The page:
I bet you are looking for Vivaldi viola concerto... Yes, I have seen publications of some concertos. Unfortunately, Vivaldi did not write any viola concertos. What he wrote were concertos for viola d’amore. So, when you see a "Vivaldi viola concerto" it's because some have been transcribed for viola and orchestra, but I personally don’t think they fit the viola well. Just because the two instruments share the name viola it doesn’t mean they are the same thing.
I’d like to say just a very few words about the viola d’amore. It was very fashionable until mid 18ᵗʰ century, a lot of composers wrote for it, including Vivaldi and >Carl Stamitz, who was very famous as a viola and viola d’amore player. It has also been used more recently by Hindemith and by Puccini in "Madame Butterfly".
It is similar to the viola but bigger, played in the same way, with usually seven strings tuned A, D, A, D, F#, A, D, PLUS seven or more sympathetic strings, running under the fingerboard, through the bridge. The tuning could be changed for the different pieces and Vivaldi used the tunings of D major, d minor, A major, a minor and F major in his eight concerti for viola d'amore. (You can guess that most concertos were written in D, major/minor). Also, the shoulders are more sloping down and the back is flat. The "f holes" have a different shape, sometimes like a flame.
These strings resonate and add power and a lovely quality to the instrument tone. The origin and meaning of the name is not clear. Viola d’amore means something like “viola of love” and some suggest that it could refer to the double set of strings, vibrating together like lovers...
This could also explain why most often on the top of the scroll there is a blindfolded head, maybe the blind love.
So, the viola d’amore has a bigger range and, most important, its top string is nearly like the top violin string. If you want to play on the viola what is written for this viola d’amore top string, you end up with playing all the time in the top range of the viola, without having the lovely sound added by the resonating strings and by all those double stops and beautifully sounding four and five string chords that they used to play easily on the viola d’amore, thanks to its tuning.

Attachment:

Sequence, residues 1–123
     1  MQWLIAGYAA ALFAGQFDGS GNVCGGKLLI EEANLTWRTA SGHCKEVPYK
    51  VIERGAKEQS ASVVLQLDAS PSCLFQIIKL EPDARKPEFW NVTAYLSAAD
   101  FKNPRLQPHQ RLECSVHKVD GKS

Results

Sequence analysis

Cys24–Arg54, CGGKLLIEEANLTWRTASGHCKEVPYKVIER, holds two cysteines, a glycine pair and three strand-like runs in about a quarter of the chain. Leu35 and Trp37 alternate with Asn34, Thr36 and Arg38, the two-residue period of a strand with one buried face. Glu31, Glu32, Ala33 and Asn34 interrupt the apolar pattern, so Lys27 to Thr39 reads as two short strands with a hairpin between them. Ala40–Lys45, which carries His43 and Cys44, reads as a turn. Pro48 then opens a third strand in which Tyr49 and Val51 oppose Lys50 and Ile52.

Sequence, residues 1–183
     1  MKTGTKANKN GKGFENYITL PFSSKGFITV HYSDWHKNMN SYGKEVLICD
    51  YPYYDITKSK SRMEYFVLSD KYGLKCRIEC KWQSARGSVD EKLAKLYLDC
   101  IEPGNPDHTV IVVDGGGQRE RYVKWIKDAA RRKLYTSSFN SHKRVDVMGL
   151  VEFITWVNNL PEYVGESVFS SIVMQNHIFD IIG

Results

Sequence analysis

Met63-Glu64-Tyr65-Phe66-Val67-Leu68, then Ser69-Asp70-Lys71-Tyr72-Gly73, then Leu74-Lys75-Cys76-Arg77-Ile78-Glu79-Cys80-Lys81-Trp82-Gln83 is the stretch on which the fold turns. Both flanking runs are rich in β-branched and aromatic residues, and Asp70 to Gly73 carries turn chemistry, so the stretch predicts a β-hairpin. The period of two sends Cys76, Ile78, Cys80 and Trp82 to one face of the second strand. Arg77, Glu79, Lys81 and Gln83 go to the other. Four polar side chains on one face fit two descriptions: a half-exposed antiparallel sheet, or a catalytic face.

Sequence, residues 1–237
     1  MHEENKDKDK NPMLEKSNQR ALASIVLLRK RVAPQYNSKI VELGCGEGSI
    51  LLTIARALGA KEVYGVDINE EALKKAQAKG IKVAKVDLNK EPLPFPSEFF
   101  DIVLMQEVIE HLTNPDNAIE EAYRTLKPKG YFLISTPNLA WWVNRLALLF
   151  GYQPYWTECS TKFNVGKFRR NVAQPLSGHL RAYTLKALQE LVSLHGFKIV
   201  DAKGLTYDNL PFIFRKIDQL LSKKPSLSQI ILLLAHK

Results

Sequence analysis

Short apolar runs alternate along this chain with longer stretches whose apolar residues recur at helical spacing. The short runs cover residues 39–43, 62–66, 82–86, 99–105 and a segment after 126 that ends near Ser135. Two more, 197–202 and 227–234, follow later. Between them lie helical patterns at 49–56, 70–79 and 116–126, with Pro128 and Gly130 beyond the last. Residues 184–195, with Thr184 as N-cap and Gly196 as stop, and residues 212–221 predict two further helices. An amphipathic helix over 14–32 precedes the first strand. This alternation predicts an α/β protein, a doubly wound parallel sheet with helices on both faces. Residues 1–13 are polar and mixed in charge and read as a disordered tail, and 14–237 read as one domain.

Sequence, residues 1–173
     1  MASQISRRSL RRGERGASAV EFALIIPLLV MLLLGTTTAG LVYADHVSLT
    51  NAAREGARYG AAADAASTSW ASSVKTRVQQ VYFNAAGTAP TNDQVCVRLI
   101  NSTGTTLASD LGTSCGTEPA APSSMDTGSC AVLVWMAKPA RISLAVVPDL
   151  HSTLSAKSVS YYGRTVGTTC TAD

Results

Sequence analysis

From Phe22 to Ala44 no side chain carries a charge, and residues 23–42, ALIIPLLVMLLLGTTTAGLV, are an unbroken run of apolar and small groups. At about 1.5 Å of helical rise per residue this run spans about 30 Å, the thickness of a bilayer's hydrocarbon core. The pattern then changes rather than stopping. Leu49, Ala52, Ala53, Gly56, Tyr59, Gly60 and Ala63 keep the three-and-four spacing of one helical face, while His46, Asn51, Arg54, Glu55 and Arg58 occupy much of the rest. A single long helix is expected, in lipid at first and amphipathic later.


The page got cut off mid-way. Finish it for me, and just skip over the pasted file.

I think that playing a viola d’amore concerto on the viola is not a big deal, it’s better to play one of the >viola concertos, there is a good number of them. Or play the viola d’amore.
Anyway, since you are here, to thank you for your visit and reading up
to here, if you want to try and play this as a "Vivaldi viola concerto",
click on the following links, you can download for free his concerto
for viola d’amore, lute and strings. You can find both the score and
parts and the midi file.
In the picture below, in the centre, you can see the church in Venice, Chiesa della Pietà, where Vivaldi used to teach and perform his works.
And if you want to know more about the viola d’amore, the following is a very good website. >Viola d'Amore Society of America
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"As the greatest expert and judge of harmony,
he liked best to play the viola,
with appropriate loudness and softness"
C.P.E. Bach about his father J.S. Bach